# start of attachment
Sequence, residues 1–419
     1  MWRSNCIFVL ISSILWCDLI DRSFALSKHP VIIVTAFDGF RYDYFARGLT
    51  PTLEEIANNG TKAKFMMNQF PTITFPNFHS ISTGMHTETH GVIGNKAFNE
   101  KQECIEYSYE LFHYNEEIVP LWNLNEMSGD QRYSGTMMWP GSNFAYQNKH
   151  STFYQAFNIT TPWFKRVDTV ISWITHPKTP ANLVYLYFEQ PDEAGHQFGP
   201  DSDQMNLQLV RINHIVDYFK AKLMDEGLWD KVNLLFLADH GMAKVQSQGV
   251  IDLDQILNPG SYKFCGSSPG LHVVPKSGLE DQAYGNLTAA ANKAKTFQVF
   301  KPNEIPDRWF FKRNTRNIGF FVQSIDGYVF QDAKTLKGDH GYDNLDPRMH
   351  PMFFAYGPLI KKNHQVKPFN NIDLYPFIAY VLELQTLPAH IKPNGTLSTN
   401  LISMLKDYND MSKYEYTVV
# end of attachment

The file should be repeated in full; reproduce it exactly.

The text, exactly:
Sequence, residues 1–419
     1  MWRSNCIFVL ISSILWCDLI DRSFALSKHP VIIVTAFDGF RYDYFARGLT
    51  PTLEEIANNG TKAKFMMNQF PTITFPNFHS ISTGMHTETH GVIGNKAFNE
   101  KQECIEYSYE LFHYNEEIVP LWNLNEMSGD QRYSGTMMWP GSNFAYQNKH
   151  STFYQAFNIT TPWFKRVDTV ISWITHPKTP ANLVYLYFEQ PDEAGHQFGP
   201  DSDQMNLQLV RINHIVDYFK AKLMDEGLWD KVNLLFLADH GMAKVQSQGV
   251  IDLDQILNPG SYKFCGSSPG LHVVPKSGLE DQAYGNLTAA ANKAKTFQVF
   301  KPNEIPDRWF FKRNTRNIGF FVQSIDGYVF QDAKTLKGDH GYDNLDPRMH
   351  PMFFAYGPLI KKNHQVKPFN NIDLYPFIAY VLELQTLPAH IKPNGTLSTN
   401  LISMLKDYND MSKYEYTVV